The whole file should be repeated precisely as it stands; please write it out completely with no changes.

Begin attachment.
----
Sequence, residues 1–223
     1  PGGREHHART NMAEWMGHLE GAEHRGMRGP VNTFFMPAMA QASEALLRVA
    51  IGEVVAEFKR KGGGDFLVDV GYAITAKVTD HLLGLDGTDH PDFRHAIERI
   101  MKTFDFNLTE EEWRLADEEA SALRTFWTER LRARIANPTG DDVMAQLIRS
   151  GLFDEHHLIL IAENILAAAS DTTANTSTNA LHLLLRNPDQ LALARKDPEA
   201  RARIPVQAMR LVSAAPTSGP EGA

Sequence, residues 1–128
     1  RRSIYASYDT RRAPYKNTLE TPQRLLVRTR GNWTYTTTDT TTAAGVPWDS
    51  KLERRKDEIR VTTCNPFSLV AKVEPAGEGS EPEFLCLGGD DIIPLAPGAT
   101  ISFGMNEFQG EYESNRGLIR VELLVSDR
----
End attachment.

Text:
Sequence, residues 1–223
     1  PGGREHHART NMAEWMGHLE GAEHRGMRGP VNTFFMPAMA QASEALLRVA
    51  IGEVVAEFKR KGGGDFLVDV GYAITAKVTD HLLGLDGTDH PDFRHAIERI
   101  MKTFDFNLTE EEWRLADEEA SALRTFWTER LRARIANPTG DDVMAQLIRS
   151  GLFDEHHLIL IAENILAAAS DTTANTSTNA LHLLLRNPDQ LALARKDPEA
   201  RARIPVQAMR LVSAAPTSGP EGA

Sequence, residues 1–128
     1  RRSIYASYDT RRAPYKNTLE TPQRLLVRTR GNWTYTTTDT TTAAGVPWDS
    51  KLERRKDEIR VTTCNPFSLV AKVEPAGEGS EPEFLCLGGD DIIPLAPGAT
   101  ISFGMNEFQG EYESNRGLIR VELLVSDR